Thesis

Customer service in the front office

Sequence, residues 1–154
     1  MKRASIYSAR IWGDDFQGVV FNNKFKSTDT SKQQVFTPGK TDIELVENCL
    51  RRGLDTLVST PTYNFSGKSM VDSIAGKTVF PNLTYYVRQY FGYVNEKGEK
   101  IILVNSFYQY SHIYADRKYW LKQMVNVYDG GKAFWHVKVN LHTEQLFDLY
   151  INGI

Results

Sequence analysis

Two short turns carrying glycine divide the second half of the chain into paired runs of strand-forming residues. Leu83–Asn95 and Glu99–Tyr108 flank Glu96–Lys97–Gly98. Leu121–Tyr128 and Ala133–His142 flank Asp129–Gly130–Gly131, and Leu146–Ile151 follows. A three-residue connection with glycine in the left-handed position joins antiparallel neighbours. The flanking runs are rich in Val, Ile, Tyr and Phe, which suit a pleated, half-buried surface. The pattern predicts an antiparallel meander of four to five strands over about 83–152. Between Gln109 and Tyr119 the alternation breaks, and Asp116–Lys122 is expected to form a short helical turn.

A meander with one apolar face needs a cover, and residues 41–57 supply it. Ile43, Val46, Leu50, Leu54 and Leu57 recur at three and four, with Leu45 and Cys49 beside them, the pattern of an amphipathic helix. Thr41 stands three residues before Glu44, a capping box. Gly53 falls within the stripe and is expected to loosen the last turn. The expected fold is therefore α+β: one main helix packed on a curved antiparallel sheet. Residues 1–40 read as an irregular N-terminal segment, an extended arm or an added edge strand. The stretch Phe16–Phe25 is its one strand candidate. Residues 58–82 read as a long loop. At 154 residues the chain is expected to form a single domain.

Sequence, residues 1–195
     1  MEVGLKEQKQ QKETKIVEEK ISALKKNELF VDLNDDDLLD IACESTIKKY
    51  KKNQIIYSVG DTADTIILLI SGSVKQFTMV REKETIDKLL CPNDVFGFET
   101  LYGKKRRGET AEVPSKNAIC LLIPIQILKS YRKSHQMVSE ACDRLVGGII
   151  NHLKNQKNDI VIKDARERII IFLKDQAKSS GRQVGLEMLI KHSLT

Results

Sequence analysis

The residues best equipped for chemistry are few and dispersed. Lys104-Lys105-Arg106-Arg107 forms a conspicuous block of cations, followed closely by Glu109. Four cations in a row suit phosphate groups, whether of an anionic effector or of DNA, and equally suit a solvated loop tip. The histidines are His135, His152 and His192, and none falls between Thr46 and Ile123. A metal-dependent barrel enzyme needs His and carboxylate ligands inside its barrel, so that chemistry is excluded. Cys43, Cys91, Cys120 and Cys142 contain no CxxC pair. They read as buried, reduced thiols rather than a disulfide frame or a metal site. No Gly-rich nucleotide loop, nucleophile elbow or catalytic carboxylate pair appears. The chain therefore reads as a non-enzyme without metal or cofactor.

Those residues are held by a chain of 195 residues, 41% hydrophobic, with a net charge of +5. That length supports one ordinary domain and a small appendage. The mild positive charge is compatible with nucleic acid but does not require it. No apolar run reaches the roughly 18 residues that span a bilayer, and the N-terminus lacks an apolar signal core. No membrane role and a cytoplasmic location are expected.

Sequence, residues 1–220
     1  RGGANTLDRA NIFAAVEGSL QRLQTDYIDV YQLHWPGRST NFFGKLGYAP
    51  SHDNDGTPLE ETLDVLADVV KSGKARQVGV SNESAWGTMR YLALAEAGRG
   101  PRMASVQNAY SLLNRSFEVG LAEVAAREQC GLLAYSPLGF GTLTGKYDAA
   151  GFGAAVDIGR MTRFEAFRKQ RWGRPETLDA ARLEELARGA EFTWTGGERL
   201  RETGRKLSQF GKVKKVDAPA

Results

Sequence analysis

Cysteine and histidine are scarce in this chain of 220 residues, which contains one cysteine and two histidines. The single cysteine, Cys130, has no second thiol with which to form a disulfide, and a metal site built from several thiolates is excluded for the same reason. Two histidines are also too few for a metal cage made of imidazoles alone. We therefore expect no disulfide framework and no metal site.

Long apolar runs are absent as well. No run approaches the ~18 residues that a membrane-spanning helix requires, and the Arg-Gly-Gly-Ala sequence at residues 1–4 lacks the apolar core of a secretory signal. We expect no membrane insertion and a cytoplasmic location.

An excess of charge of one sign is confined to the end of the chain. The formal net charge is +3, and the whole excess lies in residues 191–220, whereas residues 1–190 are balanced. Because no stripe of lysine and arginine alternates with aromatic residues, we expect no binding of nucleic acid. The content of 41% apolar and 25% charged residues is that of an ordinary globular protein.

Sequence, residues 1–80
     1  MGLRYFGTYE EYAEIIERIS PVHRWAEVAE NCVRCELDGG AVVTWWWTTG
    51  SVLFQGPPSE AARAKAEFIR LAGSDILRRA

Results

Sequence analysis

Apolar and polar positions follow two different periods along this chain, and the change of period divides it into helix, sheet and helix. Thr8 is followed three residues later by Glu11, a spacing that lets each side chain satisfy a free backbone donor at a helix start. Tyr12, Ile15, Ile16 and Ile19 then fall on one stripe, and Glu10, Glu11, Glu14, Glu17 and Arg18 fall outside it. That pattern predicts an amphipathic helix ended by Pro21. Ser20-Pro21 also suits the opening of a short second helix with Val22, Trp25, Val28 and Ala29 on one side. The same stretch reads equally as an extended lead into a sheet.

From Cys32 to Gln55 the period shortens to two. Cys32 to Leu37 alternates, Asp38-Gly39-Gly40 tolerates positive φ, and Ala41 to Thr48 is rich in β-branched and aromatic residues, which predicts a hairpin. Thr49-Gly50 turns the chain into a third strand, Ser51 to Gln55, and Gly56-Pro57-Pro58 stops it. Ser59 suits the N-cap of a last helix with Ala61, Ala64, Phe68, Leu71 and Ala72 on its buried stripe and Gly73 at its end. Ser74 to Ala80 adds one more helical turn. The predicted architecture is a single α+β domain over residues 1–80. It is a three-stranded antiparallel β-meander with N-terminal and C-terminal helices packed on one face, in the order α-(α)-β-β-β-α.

The purpose of this study was to look at what type of customer service strategies public schools were using to handle parent interactions. The hypothesis researched was based on the belief that despite the three schools in the study being located in affluent communities with high national and state nonned tests scores, they would offer very little training or planning for customer service. It was also assumed that, with little effort, strategies used within the business community could be unitized in these school settings to help front office staff members better handle interactions with parents. Front office staff members (i.e. secretaries and administrative assistants) were identified as the people most responsible for fitting the role of the customer service agents at the schools. The customers in the study were identified as the parents in the community. Administrators and front office staff members from all three sites, as well as presidents of the parent associations from the elementary school and high school were interviewed during the study. The interviews revealed many angry and or aggressive interactions school front offices were having with parents. The findings revealed front office staff members at the three sites, despite having daily interactions with parents, were not being trained on how to most effectively serve them. Recommendations for an effective customer service plan are included and are based on interview highlights in addition to examples from the literature review.

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